How I Changed my mind about Boarding Schools
by Irina Shumovitch
When my children were young, I was determined to never send them to a boarding school. Homesickness, major bereavement, that’s what sending children into boarding meant to me. I was not one of those parents who didn’t want to participate in their children’s lives, who just wanted to dump them into a school and get on with their work and social life. I was never going to do that to my children. So I thought back then.
I was in my early 30-ies, working as a BBC producer. The work was intense, day shifts followed by nightshifts, a lot of pressure, no room for error. It was a creative and stimulating job, and I loved it, but much as I did, I was also stressed. But at least my children were with me. They saw me every evening when I got home from work, I helped them with homework, I gave them some guidance. Or so I thought at the time.
Some years later I left the BBC, founded an educational consultancy and started visiting boarding schools across the country. It was then that I realised that the boarding schools of today are nothing like what I thought. They might have been cold and less appealing fifty years ago – bad food, army blankets and no central hearing. Today, boarding schools are friendly, warm places with amazing facilities for both studying and living. In every school I visited, I met thoughtful, respectful staff for whom working in a boarding school was a lifestyle, who loved being around young people and knew how to inspire rather than lecture them (the skill that often failed me as a parent). I saw boarding houses which were beautifully designed, well-equipped, centrally heated, and felt like home.
In many ways, better than home. There is thoughtful discipline in a boarding school, which I found hard to achieve at home. After lessons, pupils go back to their houses to relax, have a cup of tea with biscuits, and then do their homework. Their teachers and house matrons and masters encourage a good routine, where a period of relaxation is followed buy concentrated work.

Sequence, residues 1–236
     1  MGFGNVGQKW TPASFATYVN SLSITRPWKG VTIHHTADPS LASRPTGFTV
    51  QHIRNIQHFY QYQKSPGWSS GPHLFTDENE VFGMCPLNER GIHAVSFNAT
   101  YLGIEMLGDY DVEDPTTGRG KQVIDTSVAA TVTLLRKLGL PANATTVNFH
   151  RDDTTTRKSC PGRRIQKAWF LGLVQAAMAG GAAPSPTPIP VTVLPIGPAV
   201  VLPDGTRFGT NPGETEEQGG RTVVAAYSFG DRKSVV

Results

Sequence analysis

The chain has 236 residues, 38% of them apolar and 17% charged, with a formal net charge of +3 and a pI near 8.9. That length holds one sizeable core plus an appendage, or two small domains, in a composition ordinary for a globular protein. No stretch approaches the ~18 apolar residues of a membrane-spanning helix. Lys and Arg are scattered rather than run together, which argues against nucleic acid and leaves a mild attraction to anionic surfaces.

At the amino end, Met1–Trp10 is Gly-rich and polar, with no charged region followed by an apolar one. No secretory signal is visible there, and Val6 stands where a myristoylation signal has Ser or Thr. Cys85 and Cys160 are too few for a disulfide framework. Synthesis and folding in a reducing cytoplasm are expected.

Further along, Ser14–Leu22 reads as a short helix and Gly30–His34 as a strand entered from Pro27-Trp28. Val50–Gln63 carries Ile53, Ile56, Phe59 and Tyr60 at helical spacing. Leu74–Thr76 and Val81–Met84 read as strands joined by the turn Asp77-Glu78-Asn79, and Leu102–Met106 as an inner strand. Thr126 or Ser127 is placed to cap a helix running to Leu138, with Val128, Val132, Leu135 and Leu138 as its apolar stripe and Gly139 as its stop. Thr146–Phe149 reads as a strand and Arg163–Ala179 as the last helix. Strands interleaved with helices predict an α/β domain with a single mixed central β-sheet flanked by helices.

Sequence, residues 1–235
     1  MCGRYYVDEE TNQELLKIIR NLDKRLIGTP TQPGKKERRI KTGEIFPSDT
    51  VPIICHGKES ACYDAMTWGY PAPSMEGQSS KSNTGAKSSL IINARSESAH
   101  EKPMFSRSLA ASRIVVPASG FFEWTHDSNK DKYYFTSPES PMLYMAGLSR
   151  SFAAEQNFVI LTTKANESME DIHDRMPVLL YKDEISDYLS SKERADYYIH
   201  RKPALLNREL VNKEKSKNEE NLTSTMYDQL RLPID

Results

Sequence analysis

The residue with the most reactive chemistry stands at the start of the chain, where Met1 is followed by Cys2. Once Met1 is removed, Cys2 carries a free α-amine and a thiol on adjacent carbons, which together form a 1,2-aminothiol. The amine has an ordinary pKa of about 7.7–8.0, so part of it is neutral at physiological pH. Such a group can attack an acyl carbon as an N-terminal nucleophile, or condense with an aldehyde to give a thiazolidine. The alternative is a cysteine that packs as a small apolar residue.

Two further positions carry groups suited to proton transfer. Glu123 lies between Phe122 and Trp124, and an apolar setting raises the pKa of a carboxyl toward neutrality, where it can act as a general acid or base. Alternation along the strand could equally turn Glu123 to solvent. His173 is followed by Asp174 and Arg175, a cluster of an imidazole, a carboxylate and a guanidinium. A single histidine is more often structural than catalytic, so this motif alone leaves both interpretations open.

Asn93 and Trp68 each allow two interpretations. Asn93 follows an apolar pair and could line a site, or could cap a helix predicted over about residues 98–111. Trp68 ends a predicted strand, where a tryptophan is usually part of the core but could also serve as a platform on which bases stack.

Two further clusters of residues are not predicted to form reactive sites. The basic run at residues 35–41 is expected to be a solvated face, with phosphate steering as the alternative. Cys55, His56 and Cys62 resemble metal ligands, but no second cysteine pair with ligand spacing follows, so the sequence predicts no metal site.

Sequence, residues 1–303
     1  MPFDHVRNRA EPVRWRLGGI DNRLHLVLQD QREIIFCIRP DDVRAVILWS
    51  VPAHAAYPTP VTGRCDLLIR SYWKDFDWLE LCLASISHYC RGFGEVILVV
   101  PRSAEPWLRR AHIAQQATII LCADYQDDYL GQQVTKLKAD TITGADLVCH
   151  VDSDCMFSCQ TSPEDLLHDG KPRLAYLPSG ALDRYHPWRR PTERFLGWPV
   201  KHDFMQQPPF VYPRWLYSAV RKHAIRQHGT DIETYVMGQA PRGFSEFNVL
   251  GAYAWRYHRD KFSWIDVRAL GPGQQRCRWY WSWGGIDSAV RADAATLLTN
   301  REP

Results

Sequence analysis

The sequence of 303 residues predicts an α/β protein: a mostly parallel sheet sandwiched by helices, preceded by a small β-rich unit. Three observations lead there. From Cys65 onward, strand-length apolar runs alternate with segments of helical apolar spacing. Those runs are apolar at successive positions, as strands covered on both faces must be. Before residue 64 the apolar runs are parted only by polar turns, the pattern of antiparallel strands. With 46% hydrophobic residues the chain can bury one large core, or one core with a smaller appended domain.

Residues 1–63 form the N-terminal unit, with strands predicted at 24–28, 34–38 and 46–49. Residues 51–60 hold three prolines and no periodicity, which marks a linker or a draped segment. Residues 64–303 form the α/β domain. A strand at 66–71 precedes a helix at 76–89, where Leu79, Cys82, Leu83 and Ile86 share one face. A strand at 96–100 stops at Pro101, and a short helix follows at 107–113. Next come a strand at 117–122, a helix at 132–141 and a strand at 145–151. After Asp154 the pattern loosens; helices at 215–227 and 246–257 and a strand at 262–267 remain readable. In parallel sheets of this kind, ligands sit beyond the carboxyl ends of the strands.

And it is easier for pupils to work when everyone else is doing it too, it doesn’t occur to them to argue, plead or protest, they just get their books out and study. After a couple of hours of hard work, they are served dinner and allowed one hour of television. Not the other way round, as was the case in my household.
It seems to me now that while keeping my children in a day school, close to me, I instilled more bad habits than good ones. After a day at the BBC I returned home tired and was happy to find them watching the TV – it meant that I could unwind with a glass of wine and not deal with their needs immediately. Have you done your homework? I’d ask them. Later, they’d say, and I’d accept it, glad to have a breather. They usually watched all their favorite TV programmes before getting around to their homework, which they did in a rush before bedtime, to get it out of the way.
In a boarding school, over the years, a certain daily routine becomes engrained into the boarders’ psyche; good working habits become the norm leading to self- discipline that remains during university, at work and in the family. Added to that, there is a vast range of challenges and activities available to boarders, on a daily basis.
Of course, I took my children to activities too – from ballet to fencing, from violin to horse-riding. But it was not the same as doing it with your classmates, encouraged by your teachers. As for the academic side, my children were very bright and got away with their unfocused routines for a long time, always had good marks and I wasn’t worried. But when it came to A-levels and university choices, they did not work hard enough to get three A*s and go to Oxbridge. They did well, nevertheless, got into Russell Group universities and are doing great. But I know that the slack I allowed them at home would not have been allowed at a boarding school, and they would have had better working ethic, and wouldn’t have to fight the habit of procrastination. In my family, it was our closeness that was my top priority, not learning, personal growth and exploration. Whereas in a boarding school, parents aren’t there to shield the children from natural causes and effects, and they learn to manage their own lives, develop interpersonal skills and self-initiative necessary to succeed in life.
I am addressing this to those parents who are considering boarding schools, but feel doubt or guilt about sending their children away. Please do not. All you need to do is choose the school carefully, visit it, see boarding houses for yourself, speak to the staff and make an enlightened choice. Here at Gabbitas we will assist you at every step of the way in choosing the right school for your child. But do not feel guilty – sending your child to a good boarding school might be the best thing you can do for them – this is where the ethos, structure and atmosphere are designed to instill good working habits and skills which will last them a lifetime.
Amazing facilities of boarding schools: